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Ingestion of aristolochic acids (AA) contained in herbal remedies results in aristolochic acid nephropathy (AAN), which is characterized by chronic renal failure, tubulointerstitial fibrosis and urothelial cancer. AA I and AA II, primary components in AA, have similar genotoxic potential, whereas only AA I shows severe renal toxicity in rodents. AA I is(More)
UNLABELLED Aristolochic acids are potent human carcinogens; the role of phase II metabolism in their bioactivation is unclear. Accordingly, we tested the ability of the partially reduced metabolites, N-hydroxyaristolactams (AL-NOHs), and their N-O-sulfonated and N-O-acetylated derivatives to react with DNA to form aristolactam-DNA adducts. AL-NOHs displayed(More)
To understand how the active site of a DNA polymerase might modulate the coding of 8-oxo-7,8-dihydrodeoxyguanine (8-oxodG), we performed steady-state kinetic analyses using wild-type DNA polymerase beta (pol beta) and two active-site mutants. We compared the coding of these polymerases by calculating the ratio of efficiencies for incorporation of dATP and(More)
Aristolochic acids (AA) are nephrotoxic and carcinogenic nitroaromatic compounds produced by the Aristolochiaceae family of plants. Ingestion of these phytotoxins by humans results in a syndrome known as AA nephropathy, characterized by renal tubulointerstitial fibrosis and upper urothelial cancer. After activation by cellular enzymes, AA I and II react(More)
Aristolochic acids I and II (AA-I, AA-II) are found in all Aristolochia species. Ingestion of these acids either in the form of herbal remedies or as contaminated wheat flour causes a dose-dependent chronic kidney failure characterized by renal tubulointerstitial fibrosis. In approximately 50% of these cases, the condition is accompanied by an upper urinary(More)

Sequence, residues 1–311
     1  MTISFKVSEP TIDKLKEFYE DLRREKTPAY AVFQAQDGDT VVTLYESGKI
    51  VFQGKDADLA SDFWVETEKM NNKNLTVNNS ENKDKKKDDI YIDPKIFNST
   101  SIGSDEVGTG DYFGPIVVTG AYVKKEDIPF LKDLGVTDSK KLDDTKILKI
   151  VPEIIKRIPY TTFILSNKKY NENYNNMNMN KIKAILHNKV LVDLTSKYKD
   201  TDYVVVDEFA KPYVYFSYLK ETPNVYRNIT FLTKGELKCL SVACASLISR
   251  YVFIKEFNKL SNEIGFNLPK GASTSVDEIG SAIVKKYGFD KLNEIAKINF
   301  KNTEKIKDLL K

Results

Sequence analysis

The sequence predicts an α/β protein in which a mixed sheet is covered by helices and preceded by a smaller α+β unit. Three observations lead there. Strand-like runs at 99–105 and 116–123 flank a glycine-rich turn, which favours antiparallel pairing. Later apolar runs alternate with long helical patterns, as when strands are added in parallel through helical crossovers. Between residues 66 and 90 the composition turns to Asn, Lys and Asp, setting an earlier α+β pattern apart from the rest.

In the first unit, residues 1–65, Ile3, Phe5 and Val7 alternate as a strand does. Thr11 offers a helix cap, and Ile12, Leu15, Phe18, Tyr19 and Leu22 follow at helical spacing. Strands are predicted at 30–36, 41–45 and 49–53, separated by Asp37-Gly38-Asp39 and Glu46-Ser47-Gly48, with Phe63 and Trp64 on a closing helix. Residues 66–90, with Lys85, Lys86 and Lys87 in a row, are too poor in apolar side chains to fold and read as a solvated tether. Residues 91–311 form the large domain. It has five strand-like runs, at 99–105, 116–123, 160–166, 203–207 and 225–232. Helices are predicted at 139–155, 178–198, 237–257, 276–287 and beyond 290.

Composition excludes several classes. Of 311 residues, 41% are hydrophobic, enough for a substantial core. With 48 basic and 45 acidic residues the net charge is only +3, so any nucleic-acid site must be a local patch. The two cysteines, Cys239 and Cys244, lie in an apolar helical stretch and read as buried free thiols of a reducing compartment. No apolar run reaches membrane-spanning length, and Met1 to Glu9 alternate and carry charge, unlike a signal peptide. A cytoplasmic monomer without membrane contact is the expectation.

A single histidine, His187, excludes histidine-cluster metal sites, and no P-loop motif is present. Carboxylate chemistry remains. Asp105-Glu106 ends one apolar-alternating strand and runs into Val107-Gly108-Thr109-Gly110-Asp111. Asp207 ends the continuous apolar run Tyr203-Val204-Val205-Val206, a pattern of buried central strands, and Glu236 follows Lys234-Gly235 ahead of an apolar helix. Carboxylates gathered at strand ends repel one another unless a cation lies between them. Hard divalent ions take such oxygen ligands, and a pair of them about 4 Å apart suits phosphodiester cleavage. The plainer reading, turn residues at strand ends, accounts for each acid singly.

Ingestion of aristolochic acids (AA) contained in herbal remedies results in a renal disease and, frequently, urothelial malignancy. The genotoxicity of AA in renal cells, including mutagenic DNA adduct formation, is well-documented. However, the mechanisms of AA-induced tubular atrophy and renal fibrosis are largely unknown. Epithelial cell death is a(More)
Acrolein, which is widely spread in the environment and is produced by lipid peroxidation in cells, reacts with DNA to form two exocyclic 1,N2-propanodeoxyguanosine (PdG) adducts. To establish their relative contribution to the acrolein mutagenicity, the genotoxic properties of alpha-OH-PdG and gamma-OH-PdG together with their model DNA adduct, PdG, were(More)
The abasic site in DNA may arise spontaneously, as a result of nucleotide base damage, or as an intermediate in glycosylase-mediated DNA-repair pathways. It is the most common damage found in DNA. We have examined the consequences of this lesion and its sequence context on DNA duplex structure, as well as the thermal and thermodynamic stability of the(More)
This paper reports a new method for expressing numerically asymmetry of the contour of the back in a forward-bending position. Information is given at three spinal levels (T8, T12 and L3) for 636 schoolchildren aged 8 to 15 years. Rib-hump and lumbar-hump scores were standardised to create trunk asymmetry scores (TASs) making comparison possible between(More)
Thermorubin is a small-molecule inhibitor of bacterial protein synthesis, but relatively little is known about the molecular mechanism by which it blocks translation. The structure of the complex between thermorubin and the 70S ribosome from Thermus thermophilus reported here shows that thermorubin interacts with the ribosome in a way that is distinct from(More)